This album was released on May 31st this year. Hopefully you may remember the album, We Grown Now., which I covered earlier in 2019. That was my first time listening to a full project from Tree, and I really enjoyed it quite a bit, so I was jazzed to find out that he was releasing yet another project less than three months later. I wasn’t familiar with the production duo behind this record, Parallel Thought, but I looked into them and found out that they were the original producers for the song Vomitspit by MF DOOM. He ended up putting his vocals over a different beat for the final song though. The two members go by the stagenames Drum & Knowledge if I’m not mistaken. So yeah, that was pretty much all I needed to know before listening to this. One thing that annoyed me about We Grown Now. was the lack of production credits, so I was glad I knew who handled all the beats on this record.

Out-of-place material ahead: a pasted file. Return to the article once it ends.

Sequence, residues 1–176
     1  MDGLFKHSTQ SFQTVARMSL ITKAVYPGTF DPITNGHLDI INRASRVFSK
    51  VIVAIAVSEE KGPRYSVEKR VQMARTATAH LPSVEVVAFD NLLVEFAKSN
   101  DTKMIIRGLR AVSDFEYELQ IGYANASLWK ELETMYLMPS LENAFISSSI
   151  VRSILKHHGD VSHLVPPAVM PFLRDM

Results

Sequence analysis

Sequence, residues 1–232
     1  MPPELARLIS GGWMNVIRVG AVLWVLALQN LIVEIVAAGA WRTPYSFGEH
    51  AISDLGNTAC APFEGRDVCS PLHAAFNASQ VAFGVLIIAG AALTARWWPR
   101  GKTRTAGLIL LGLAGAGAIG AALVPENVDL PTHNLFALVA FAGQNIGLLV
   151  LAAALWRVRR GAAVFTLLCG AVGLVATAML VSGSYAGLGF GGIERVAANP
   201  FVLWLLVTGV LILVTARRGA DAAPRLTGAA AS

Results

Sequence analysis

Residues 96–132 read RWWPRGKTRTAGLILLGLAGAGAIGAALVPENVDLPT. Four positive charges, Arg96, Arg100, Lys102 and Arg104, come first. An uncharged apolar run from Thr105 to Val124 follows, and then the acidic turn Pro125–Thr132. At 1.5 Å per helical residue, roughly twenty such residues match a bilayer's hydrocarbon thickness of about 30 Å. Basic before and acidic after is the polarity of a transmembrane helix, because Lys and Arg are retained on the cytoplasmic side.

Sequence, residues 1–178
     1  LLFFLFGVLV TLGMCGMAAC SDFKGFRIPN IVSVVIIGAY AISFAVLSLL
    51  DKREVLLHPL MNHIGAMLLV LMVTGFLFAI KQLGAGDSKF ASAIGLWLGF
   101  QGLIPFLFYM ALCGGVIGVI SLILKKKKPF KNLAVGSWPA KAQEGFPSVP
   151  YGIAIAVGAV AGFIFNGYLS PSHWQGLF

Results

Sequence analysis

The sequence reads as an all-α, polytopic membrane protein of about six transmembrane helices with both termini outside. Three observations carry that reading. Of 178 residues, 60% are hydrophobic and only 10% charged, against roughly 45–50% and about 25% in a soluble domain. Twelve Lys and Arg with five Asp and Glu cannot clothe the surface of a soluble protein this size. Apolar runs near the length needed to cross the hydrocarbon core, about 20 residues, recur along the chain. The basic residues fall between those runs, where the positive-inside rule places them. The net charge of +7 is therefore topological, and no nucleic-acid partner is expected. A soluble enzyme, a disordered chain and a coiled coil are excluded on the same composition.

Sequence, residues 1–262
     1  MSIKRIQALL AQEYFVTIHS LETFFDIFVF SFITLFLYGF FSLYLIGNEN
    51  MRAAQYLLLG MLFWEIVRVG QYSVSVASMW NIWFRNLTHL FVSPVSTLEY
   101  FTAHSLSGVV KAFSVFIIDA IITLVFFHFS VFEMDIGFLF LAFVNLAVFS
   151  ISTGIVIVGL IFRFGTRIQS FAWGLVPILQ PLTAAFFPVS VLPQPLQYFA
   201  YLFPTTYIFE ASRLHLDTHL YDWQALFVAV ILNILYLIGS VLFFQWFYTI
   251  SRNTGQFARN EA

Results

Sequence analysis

I uh… I liked it. I liked the album. I can’t really say that the production stood out much, but at the same time, I don’t think Tree really outshined it at all. It’s just a really good pairing. He fits really well over this style of production. There’s actually not a single track that I don’t like on this project. It starts off with God Like, which is a pretty dope song. It probably has the most uninteresting beat on the whole project though. The instrumental really just doesn’t stand out that much. The first verse from Tree was solid, but it’s the hook and second verse that really make the song enjoyable for me. Tree has a really unique voice, and it sounds really goddamn good whenever he sings. The second track, Double Ds, is one of the best songs on the album in my opinion. The production is far superior to that of the preceding track; I really like how uptempo it is compared to that song, and Tree sounds fantastic over it in my opinion. His rapping is really great, and once again he delivers a very strong hook. The song is dope af. Some Kinda Love flips the same sample as Joey Bada$$’s FromdaTomb$. It took me like half an hour to remember where I had heard that sample before, but I’m glad I was able to figure it out. I wasn’t sure if I was gonna like the song at first because of the sexual content, but it actually ended up being pretty good. The lyrics weren’t too vulgar, and I think the sung hook sounds really nice. I also loved how his delivery and flow sounded on the second verse. It’s a dope track. Not as good as the next track though. On My Own is one of the hardest tracks on the album in my opinion. I really love the production—particularly the hard-hitting percussion. The song has some of Tree’s best rapping on the whole project too. His flow is really great, and I love his aggressive delivery on the second verse, even though you can tell he punches in the second half of it. It’s not really much of an issue for me personally, but it may annoy some listeners. Overall, I think the song is awesome. I love it. Hooters is another familiar sounding track. This track uses the same sample that 2thirty5 flipped for J.I.D’s single Workin’ Out from DiCaprio 2. The song itself doesn’t really stand out much from the other tracks, but I did enjoy it. The verses are very good. The hook is nothing special, but it works. On n’ On is probably my favorite track on the whole album. The production is great, and the opening verse is really dope too. The song is really fantastic in general. It’s a complete package. I think all the verses are great, as is the hook, as well as the production. I really liked Tree’s delivery on the verses. Aside from $200, none of the other songs really come close to On n’ On’s quality in my opinion. $200 has another one of the best beats on the album. The production sounds really pretty and very polished. I could definitely see Rick Ross using that beat. There’s really nothing I dislike about the song. The verses are great, and the hook is really good too. The song’s dope af. This Money is a pretty good track. Nothing about it really stood out that much to me at first, but after listening to it multiple times I actually think it has one of the best beats on the album. I think the sequencing is well done too. This Money comes right before $200. No Love didn’t really stand out much to me either, but I did enjoy it. It’s one of the weaker tracks on the album for sure, but it’s still pretty good. I liked Tree’s melodic delivery, and he sounds really great over that beat. The beat itself is pretty simplistic, but it’s not bad. Who I Am is another one of the weaker tracks to me. It’s probably my least favorite song on the whole album. Unlike the track it follows, I actually didn’t like the melodic delivery he used at the beginning of the song, but it got better once he switched it up. My main issue with the song is really just the hook. It’s not really bad, but the melody is just a little repetitive to me. I still enjoyed the song overall though. In terms of the content alone, the closing track is probably the most interesting song on the whole album. I don’t think the production itself is that memorable, but Tree sounds good over it. The hook also doesn’t stand out much to me, but, again, the content is very interesting. It’s basically a message to everyone at his funeral, hence the title, and the hook in which he sings “play this at my funeral.” One part that was kinda strange to me was when he dissed the “pussy niggas in the back” of his funeral. I guess maybe he thinks they’re being disrespectful by not sitting closer to the front…? But… I mean… It’s not like every single person that attends the funeral can sit at the front. Somebody is gonna end up in the back, and it’s not like he knows who it’s gonna be, so it just seemed kinda strange to me. It had me scratching my head, I’m not gonna lie. That’s just a minor nitpick though. Overall I think the song is pretty awesome. It’s dope af.